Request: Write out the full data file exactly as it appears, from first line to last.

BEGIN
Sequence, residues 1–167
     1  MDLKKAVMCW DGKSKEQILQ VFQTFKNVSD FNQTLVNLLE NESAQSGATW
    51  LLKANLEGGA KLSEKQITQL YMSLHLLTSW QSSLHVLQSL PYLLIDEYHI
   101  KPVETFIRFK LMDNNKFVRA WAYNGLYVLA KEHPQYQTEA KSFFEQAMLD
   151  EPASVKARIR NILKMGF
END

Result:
Sequence, residues 1–167
     1  MDLKKAVMCW DGKSKEQILQ VFQTFKNVSD FNQTLVNLLE NESAQSGATW
    51  LLKANLEGGA KLSEKQITQL YMSLHLLTSW QSSLHVLQSL PYLLIDEYHI
   101  KPVETFIRFK LMDNNKFVRA WAYNGLYVLA KEHPQYQTEA KSFFEQAMLD
   151  EPASVKARIR NILKMGF